On this July 4th Eve, I want to remind Americans about something – this nation was founded on a choice, a choice that was eventually reflected in the Declaration of Independence, the Northwest Ordinance and the Constitution of the United States.
The dishonest 1619 project would have you believe that America was founded in 1619 when a British privateer landed at Point Comfort in Virginia with “…20. And odd Negroes, w[hich] the Governo[r] and Cape Merchant bought for victuals.” The slaves were not bought as food – food was traded for them, do not let the quirks of the language of the times trip you up.
The important thing is that these slaves were not brought to Point Comfort from Africa on purpose, it was more a accident of circumstances. British privateers were given license by the Crown to attack and confiscate vessels and cargo to slow down Spanish settlement in South America. In 1619, an estimated 350 African captives were loaded onto a Portuguese slave ship called the São João Bautista (more commonly known as the San Juan Batista) in Luanda, Angola. The San Juan Batista) was en route to the Spanish colony of Veracruz in Mexico when two English privateer ships, the White Lion and the Treasurer, intercepted it and seized some of the Angolans on board.
This is where the story of America begins – according to the New York Times – but the 1619 Project ignores another landing that is more representative of what America was to become – the landing of the Pilgrims at Plymouth Rock in 1620 – and the differences between these two colonies could not be more different.
Point Comfort and Jamestown were founded under the aegis of the Virginia Company of London. The Virginia Company was a for-profit organization chartered by the Crown to establish settlements in the New World for the purpose of exploiting the rich resources found here. The settlers of Jamestown built their fort on land owned and occupied specifically by the Paspahegh tribe, part of the Powhatan Confederacy, and. The natives initially welcomed and provided crucial provisions and support for the colonists, who were not agriculturally inclined, but relations quickly soured, and the colonists would annihilate the Paspahegh in warfare within four years.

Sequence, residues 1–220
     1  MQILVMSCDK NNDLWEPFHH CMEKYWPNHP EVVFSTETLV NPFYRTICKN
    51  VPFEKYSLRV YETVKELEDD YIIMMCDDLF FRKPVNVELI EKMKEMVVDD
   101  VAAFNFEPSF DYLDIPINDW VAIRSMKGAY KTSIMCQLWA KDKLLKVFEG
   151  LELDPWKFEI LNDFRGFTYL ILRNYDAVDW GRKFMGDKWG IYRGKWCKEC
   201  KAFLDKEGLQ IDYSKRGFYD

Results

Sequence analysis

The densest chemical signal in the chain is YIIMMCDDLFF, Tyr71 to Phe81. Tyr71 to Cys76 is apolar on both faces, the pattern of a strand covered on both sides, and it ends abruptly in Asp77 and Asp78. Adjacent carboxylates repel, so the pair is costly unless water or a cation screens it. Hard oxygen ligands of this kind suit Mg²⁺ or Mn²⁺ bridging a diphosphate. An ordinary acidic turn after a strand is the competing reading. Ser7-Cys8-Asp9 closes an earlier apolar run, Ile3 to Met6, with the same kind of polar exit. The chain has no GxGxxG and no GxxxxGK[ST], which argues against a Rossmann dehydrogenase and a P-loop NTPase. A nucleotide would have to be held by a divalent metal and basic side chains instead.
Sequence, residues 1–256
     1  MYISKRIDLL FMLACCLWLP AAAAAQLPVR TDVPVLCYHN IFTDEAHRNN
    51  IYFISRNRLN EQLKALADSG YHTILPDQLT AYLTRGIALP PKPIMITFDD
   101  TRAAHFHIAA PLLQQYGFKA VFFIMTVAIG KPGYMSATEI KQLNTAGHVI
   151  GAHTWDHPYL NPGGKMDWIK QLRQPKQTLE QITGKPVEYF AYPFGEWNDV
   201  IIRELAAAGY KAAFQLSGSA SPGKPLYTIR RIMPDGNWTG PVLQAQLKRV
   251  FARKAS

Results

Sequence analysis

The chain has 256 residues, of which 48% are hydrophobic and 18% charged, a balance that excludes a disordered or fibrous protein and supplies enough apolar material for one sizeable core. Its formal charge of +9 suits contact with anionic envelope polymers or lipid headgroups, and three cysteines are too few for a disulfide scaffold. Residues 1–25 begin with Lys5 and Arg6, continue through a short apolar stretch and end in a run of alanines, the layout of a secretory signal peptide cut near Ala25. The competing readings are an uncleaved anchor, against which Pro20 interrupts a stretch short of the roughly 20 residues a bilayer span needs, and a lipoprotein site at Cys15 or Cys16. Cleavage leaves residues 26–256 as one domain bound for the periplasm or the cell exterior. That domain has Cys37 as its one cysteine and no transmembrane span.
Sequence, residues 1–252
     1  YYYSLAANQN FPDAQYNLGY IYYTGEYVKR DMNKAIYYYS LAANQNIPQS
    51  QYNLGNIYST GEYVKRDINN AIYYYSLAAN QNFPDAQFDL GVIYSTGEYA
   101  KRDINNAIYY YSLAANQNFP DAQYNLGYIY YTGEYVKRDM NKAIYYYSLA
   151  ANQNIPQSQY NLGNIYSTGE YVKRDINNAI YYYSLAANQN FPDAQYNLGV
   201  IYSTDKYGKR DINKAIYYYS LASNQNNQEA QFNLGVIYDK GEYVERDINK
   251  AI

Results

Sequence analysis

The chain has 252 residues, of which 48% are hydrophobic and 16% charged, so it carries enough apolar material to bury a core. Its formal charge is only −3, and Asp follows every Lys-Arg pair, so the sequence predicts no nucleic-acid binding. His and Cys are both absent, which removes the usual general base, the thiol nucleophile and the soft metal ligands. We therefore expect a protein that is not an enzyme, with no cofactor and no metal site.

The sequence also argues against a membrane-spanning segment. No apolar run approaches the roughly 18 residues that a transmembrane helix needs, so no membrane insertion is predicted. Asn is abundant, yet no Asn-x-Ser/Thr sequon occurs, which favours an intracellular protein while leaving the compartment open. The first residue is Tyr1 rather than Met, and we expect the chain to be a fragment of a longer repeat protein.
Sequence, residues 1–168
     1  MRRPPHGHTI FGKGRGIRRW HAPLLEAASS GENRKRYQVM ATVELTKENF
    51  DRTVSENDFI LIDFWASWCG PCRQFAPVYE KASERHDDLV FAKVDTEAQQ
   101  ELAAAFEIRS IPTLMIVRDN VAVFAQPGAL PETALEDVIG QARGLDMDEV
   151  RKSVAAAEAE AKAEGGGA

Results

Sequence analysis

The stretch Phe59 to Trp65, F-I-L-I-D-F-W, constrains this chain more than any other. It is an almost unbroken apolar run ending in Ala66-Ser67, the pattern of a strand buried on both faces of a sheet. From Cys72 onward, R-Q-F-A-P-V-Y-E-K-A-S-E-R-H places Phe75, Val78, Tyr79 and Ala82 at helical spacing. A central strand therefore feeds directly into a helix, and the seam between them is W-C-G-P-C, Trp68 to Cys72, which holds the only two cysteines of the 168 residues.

The Plymouth Colony was not founded for profit. Most of the citizens of Plymouth were fleeing religious persecution and searching for a place to worship as they saw fit, rather than seeking profit like many of the settlers of Jamestown. The social and legal systems of the colony became closely tied to their religious beliefs, as well as to English custom. The colony established a treaty with Wampanoag Chief Massasoit which helped to ensure its success; in this, they were aided by Squanto, a member of the Patuxet tribe. Squanto was the sole survivor of the tribe that had formerly occupied the land where the Pilgrims established the colony, the tribe having been wiped out by an epidemic of leptospirosis, along with 90% of the other Native Americans living along the coast three years before the Mayflower arrived. The tribes in the area considered the land cursed, so they really did not care if some Englishmen settled there.
The Pilgrims cooperated with the tribes. Once, finding out from which tribe they had inadvertently stolen corn stores upon their initial landing, the Pilgrims replaced the corn. Miles Standish lead a militia group in a rescue effort to free Squanto and Massasoit after they had been captured by a rival tribe. Convinced that democracy was the form of government mandated by God, the pilgrims drafted the Mayflower Compact as a basis for governing, and they rejected collectivism and embraced capitalism trading freely with the native inhabitants.
This is the beginning of the America of today. It’s no secret why the 1619 Project chose Jamestown rather than Plymouth upon which to base their narrative.
Remember that as we celebrate America’s Independence. We, as a nation, are truly unique in history.